I’m very familiar with hate. In fact, I was a very hateful person before I converted to Christianity. Hate was pretty much the only thing I knew how to feel. The only thing I understood, and this  isn’t an exaggeration, was how to hate. I hated everyone and everything. The only thing I wanted was to see people hurt. So, I understand hate. It makes sense to me, and I understand what it can do to people.

I’ve had some comments on one of my posts from a few days ago (honestly though, the fact that this blog has generated any interest whatsoever amazes me) that are fairly hostile. Not just hostile to the ideas in the post, but hostile to me personally. The hostility doesn’t surprise me, as I said, I’m familiar with hate, but the responses rather do. However, this highlights one of the major problems in today’s civil discourse. So often it seems impossible for people to disagree respectfully.

I teach an ethics class in which we discuss the issue of Hate Speech, and in that class I get a lot of students whose response is simply ‘why can’t people just be nice to each other’. Honestly, I often laugh at these students (quietly and to myself) because of their naivety. However, they ask a good question. Why can’t we be nice to each other? Why do we seem incapable of disagreeing respectfully?

Some of this is simply that we are completely insecure as a nation and as individuals. We are utterly and completely afraid of everything, and we can’t seem to get over that. Many of us seem to think that personal insults are a valid part of reasoned argument, and that disagreement is an act of hate. This then breeds a hateful response intended not simply to refute, but to injure. Another part of it is that many of us are so arrogant that we can’t respect any opinion that varies from our own. Many people, on either side of every major argument, utter some form of the phrase, ‘If you disagree with me then you are clearly a terrible person!’ I know wonderful people who are pro-choice, and wonderful people who are pro-life. I know wonderful people who are pro-gay marriage, and wonderful people who are pro-traditional marriage, and wonderful people who don’t think the issue matters in the slightest. I know wonderful pacifists and wonderful militants. I know wonderful democrats, wonderful republicans, and wonderful independents. There are good people on both sides of all of the major arguments, and we often fail to see that completely. The thing is, there are also bad people on both sides of all of the major arguments.

Ad hominem attacks have become so much a part of our everyday discourse that they seem natural. The problem is that these attacks do nothing to actually advance our ideas, and they do everything to shut down conversation. There is not one group that is innocent of this today: Christians do it, Muslims do it, Atheists do it, Republicans, Democrats, Skeptics, Enviromentalists, you name the group and there are plenty of people that hate their opponents, and plenty of people who confuse those who disagree with those who hate. A part of this is because hate sees hate, even when it isn’t there.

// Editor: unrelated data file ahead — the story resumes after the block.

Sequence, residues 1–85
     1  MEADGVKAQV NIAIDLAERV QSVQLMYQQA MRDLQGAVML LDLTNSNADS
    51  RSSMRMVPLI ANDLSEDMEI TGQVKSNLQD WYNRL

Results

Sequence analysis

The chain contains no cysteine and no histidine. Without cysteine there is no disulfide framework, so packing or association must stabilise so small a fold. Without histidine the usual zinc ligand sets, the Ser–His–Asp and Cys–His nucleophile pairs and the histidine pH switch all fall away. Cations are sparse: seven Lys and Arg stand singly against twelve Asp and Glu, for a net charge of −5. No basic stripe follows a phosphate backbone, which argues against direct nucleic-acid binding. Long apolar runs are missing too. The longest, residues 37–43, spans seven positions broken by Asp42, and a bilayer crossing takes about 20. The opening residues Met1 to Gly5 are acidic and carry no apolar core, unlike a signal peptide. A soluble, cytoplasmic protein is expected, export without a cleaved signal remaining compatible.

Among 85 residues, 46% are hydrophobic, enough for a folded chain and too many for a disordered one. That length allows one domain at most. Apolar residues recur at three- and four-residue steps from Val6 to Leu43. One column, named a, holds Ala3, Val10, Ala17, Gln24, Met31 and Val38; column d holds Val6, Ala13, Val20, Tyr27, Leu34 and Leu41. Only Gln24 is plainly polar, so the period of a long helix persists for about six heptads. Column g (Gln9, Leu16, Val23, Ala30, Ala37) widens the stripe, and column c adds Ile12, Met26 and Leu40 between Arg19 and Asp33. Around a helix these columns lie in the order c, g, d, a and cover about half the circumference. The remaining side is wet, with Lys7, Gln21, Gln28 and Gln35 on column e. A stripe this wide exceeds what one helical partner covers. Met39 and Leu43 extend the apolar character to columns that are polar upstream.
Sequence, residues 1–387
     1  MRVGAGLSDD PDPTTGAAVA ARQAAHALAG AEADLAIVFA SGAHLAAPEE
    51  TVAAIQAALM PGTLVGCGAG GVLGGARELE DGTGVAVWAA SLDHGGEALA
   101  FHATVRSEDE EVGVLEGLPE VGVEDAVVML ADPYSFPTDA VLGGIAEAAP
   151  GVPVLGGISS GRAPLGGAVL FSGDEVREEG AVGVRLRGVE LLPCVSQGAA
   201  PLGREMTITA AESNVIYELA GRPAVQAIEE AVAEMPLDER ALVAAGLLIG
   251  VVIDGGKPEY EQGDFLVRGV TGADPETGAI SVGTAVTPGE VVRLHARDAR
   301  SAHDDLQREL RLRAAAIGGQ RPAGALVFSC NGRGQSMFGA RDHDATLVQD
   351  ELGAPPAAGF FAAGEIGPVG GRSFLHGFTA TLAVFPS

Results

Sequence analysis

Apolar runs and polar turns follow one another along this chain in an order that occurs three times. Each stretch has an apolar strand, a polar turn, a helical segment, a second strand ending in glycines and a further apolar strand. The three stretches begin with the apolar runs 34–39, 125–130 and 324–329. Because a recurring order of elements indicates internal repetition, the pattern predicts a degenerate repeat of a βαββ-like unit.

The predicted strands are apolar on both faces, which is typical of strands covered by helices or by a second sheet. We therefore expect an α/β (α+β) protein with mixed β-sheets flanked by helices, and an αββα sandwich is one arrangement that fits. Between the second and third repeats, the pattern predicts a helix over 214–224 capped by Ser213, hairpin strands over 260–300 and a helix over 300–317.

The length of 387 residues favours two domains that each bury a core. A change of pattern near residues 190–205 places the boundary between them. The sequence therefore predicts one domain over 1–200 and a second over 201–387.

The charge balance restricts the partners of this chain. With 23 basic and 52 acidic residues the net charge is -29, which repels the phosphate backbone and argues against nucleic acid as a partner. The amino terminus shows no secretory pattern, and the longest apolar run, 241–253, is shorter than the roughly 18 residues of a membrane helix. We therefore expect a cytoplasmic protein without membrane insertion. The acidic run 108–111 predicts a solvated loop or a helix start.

There is plenty of hate in the world without adding our own. Heck, even anti-hate groups spread hate (have you read some of the the SPLC puts out?). Instead of seeing hate in those who disagree, and then responding with hate of our own, we should respond to hate with love. We should love those who hate us, hard as that is.

The thing is, it is hard to love the people who hurt us, hard to love the people who hate us, and often hard to tell the difference between the two. Regardless, our job is to love both, and to show that love at all times. So, that’s what I’m going to try to do. I’m really not entirely sure how yet, but it’s what I want to do.

You see, the thing is that I’m not really sure I can respond in love, and actually respond. Not to say that it would be impossible to lovingly and carefully refute the claims without attacking the individuals, I’m just not sure that I can do it right now, and even if I could, I’m not sure that the individuals would see it that way.

So, I sit here wondering if it would be more loving to simply do nothing, or to attempt an amiable refutation. Sometimes I wonder if any refutation can be seen as amiable in modern society, certainly this doesn’t seem to be the case. Obviously I haven’t let these comments through, and I don’t plan to. Honestly, right now I’m not sure if I’m going to let any comments through. Of course you’re always welcome to submit comments, but I’m not really sure I’m going to actually post anyone’s comments.

I’ve said several times that I’m treating this blog as a personal journal, and I don’t know that I really want comments cluttering up my journal. All in all, I have some thinking to do before I decide how to handle them.